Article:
Vail adopts ‘bold’ plan that calls for 1,000 new deed-restricted homes |

Vail adopts ‘bold’ plan that calls for 1,000 new deed-restricted homes

The new Lion's Ridge Apartment Homes in Vail replaces part of the Timber Ridge affordable housing complex.
Chris Dillmann | |

What’s the restriction?

Under the plan passed Tuesday by the Vail Town Council, future deed restrictions in town won’t affect appreciation on units, but will instead require only that residents work in Eagle County for at least 30 hours per week. Those who meet that requirement can retire in a restricted unit. Restrictions will be checked every year, as residents will be required to submit a legal affidavit that they’re in compliance.

That requirement may be tightened to focus more on employment in Vail.

VAIL — Kim Rediker has served on the Town Council, on the Vail Local Housing Authority and other community boards. She wouldn’t live in town unless she’d been able to buy a deed-restricted home.

With Rediker and others in mind, the Vail Town Council on Tuesday unanimously passed a resolution of support for a new housing plan for the town. (Jen Mason and Dick Cleveland were absent.) That plan calls for the town to purchase deed restrictions on 1,000 homes and apartments in the next decade.

Council members agreed with the housing authority that a bold step is needed, and quickly, to keep as much housing as possible available for year-round residents. The pool of those available units is dwindling, and quickly.

Since 2010, only 10 percent of all homes sold in Vail have been purchased by full-time residents. The rest have gone to second- home buyers.

At the moment, about two-thirds of the town’s roughly 7,200 housing units are owned by second home owners. Of the rest, about 700 are already deed restricted, leaving only about 1,750 units potentially available for free-market sale.

Second home buyers fuel much of the town’s culture and philanthropy, something town officials quickly acknowledged Tuesday.

On the other hand, Vail Community Development Department Director George Ruther noted that every unit sold to a second home buyer is a unit lost to a full-time resident. Town officials, and most residents who commented on the plan, said that status quo is unacceptable.

“The status quo means that everyone who lived in a home in Vail is just keeping it warm for a second home (buyer),” council member Greg Moffet said. “That status quo has hideous unintended consequences.”

Rediker attended Tuesday’s meeting, and praised the town staff and housing authority for work on the plan.

‘Moving the needle’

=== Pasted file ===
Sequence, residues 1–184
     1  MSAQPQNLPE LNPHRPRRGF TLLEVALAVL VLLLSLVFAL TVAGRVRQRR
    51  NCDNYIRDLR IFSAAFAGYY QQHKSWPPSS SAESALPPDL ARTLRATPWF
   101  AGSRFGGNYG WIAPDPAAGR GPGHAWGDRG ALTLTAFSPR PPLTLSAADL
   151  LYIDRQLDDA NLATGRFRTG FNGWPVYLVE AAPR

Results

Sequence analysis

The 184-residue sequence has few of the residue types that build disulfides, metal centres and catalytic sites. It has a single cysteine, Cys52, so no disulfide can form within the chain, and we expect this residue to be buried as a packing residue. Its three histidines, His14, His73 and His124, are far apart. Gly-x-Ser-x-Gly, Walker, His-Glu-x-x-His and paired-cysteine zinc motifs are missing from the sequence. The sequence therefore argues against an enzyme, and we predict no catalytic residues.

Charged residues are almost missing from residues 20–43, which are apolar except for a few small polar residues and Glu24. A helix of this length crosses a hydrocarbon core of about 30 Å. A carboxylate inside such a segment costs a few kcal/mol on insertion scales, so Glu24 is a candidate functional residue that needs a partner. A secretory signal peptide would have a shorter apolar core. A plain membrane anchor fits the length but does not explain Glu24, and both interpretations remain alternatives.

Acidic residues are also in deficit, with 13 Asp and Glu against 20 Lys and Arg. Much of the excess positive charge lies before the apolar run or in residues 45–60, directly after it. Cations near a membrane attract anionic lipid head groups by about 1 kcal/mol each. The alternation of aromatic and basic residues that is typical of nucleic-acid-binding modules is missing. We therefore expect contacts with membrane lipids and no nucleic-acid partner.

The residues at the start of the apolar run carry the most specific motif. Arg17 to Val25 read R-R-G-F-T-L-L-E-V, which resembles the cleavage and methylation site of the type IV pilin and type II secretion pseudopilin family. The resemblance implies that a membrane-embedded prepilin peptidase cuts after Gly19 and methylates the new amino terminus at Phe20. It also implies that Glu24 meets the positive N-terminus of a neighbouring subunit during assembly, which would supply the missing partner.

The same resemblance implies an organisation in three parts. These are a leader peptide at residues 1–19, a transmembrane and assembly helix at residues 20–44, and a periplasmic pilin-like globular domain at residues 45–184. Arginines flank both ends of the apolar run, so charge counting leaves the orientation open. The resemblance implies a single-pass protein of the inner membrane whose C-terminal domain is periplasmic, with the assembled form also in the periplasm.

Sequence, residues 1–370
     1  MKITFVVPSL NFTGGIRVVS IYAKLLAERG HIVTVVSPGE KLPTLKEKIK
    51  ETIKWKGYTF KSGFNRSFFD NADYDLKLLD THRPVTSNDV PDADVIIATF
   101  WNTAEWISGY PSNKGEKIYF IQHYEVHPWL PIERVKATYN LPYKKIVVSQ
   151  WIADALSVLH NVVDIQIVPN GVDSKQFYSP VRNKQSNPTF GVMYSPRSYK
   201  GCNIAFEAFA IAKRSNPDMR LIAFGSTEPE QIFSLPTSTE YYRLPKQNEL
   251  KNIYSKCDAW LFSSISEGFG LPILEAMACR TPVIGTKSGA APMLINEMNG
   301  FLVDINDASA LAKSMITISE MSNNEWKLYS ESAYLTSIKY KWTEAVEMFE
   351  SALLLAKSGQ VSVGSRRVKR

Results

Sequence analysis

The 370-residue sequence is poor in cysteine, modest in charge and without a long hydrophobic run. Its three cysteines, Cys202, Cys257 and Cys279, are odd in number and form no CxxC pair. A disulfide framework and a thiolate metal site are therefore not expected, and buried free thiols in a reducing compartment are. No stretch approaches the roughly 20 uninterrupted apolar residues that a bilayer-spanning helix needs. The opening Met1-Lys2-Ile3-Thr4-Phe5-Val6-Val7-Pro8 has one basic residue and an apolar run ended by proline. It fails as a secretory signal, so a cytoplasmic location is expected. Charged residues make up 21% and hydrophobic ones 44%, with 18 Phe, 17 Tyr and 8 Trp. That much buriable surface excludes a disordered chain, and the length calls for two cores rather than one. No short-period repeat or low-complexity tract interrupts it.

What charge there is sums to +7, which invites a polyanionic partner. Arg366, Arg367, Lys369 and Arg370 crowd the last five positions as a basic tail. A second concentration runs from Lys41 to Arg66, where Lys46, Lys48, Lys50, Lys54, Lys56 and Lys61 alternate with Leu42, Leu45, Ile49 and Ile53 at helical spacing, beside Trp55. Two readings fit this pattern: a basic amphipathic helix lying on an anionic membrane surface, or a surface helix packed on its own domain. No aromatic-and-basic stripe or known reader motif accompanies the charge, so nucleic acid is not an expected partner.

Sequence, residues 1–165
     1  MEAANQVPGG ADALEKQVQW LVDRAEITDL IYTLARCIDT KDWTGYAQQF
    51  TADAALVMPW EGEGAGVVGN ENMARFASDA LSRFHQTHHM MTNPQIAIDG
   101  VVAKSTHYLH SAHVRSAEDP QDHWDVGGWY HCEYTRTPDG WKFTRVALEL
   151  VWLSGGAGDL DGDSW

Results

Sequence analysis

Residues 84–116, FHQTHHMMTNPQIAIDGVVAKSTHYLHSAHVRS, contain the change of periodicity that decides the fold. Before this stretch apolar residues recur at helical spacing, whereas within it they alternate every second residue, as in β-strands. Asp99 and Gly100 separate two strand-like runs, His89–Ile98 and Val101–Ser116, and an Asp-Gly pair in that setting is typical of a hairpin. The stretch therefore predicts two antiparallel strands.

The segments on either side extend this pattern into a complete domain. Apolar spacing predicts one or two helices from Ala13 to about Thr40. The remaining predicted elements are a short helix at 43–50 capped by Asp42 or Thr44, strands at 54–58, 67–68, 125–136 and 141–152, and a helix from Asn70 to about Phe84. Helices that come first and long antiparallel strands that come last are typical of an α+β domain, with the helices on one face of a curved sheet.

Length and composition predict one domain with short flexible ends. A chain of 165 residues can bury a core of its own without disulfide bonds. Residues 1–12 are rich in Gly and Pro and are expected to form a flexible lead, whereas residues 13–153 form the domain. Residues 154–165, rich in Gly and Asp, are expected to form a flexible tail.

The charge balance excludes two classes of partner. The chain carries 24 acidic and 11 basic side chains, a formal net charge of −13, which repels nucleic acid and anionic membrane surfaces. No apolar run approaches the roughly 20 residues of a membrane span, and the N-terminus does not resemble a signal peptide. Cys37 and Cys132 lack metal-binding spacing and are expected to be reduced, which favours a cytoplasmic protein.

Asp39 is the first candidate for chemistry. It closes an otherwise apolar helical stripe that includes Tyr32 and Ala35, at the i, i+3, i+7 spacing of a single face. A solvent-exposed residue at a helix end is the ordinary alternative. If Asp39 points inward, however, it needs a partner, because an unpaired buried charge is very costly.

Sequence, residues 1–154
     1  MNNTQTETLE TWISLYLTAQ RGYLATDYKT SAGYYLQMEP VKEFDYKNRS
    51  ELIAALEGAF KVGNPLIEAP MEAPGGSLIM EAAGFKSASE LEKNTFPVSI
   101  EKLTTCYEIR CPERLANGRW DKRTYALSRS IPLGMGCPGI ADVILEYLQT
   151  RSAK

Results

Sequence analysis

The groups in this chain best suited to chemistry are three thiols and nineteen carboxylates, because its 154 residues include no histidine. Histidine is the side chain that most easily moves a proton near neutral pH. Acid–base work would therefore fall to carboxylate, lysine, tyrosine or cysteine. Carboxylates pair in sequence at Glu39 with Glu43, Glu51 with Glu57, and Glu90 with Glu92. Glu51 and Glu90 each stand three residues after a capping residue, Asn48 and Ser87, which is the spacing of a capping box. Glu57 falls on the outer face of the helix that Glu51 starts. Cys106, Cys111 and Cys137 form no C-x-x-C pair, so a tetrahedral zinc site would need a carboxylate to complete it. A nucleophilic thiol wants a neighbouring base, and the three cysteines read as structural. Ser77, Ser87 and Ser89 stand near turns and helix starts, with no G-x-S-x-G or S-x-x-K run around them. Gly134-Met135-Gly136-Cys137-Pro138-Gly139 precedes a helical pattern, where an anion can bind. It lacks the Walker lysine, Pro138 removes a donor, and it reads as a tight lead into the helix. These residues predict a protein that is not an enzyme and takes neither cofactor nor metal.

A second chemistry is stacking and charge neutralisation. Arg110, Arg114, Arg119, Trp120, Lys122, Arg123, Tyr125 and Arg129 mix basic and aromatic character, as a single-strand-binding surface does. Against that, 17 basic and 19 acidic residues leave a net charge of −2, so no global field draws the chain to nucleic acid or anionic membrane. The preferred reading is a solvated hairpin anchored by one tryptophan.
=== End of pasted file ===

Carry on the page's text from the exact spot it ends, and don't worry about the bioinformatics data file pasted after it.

“This is a brilliant idea,” Rediker said, adding that previous town efforts to create more housing haven’t “moved the needle” on the need.

“The worst thing that can happen is you’ve appropriated money and it doesn’t get spent,” Rediker added.

There will be a substantial amount of money dedicated to the plan over the next few years.

The plan calls for spending about $3.7 million in the first year — $3.2 million from a housing fund that’s accumulated over many years, with another $500,000 from the town’s general fund. Future spending could approach $5 million per year. The exact source of that money hasn’t been finalized — some combinations of the town’s general fund, reserves and its capital improvements funds are likely — and could, at some point, require the town to ask voters to create some sort of permanent housing fund.

Those discussions will take place in the months to come — the plan calls for the housing authority board to meet twice a year with the town council to discuss progress.

The housing authority board will also make the decisions about when and how to buy deed restrictions from willing sellers.

The idea is to create a new market for full-time residents versus second home buyers. Sellers right now could be compensated by the town for restricting their property in the future.

Some skepticism

While the plan had broad support in the meeting room, a couple of residents expressed some skepticism.

“This just smacks of social engineering,” resident Stephen Connolly said. Noting the sacrifices many current residents made to stay in Vail, Connolly asked why the town now feels “compelled to make it easier” for the next group.

Merv Lapin, who moved to Vail in 1966, had several pointed questions about the plan. He asked about the wisdom of putting “another bureaucratic layer on a problem I think can be solved in another way.” He also wondered if the housing authority should be vested with the kind of decision-making and spending authorization the plan envisions.

“You need to think about unintended consequences,” Lapin said.

But local restaurateur Matt Morgan said the plan seems “brilliant” to him.

“Like it or not, the town of Vail is in the housing business,” Morgan said. While Morgan’s group owns several units for employees to live in, he told the council that prospective employees are seeking work elsewhere because they can’t find housing in, or near, Vail. Morgan also noted that he might be willing to sell deed restrictions on his units in the future in order to keep those units in the long-term pool.

The plan’s success is far from assured. But, council members said, it’s time to try a different approach.

“We’ve always been considered leaders (in the resort industry), but in housing we’ve fallen short,” council member Jenn Bruno said. “This is new, it’s different, it’s bold. It might not work, but it’s certainly worth a try.”

Vail Daily Business Editor Scott Miller can be reached at 970-748-2930, and @scottnmiller.

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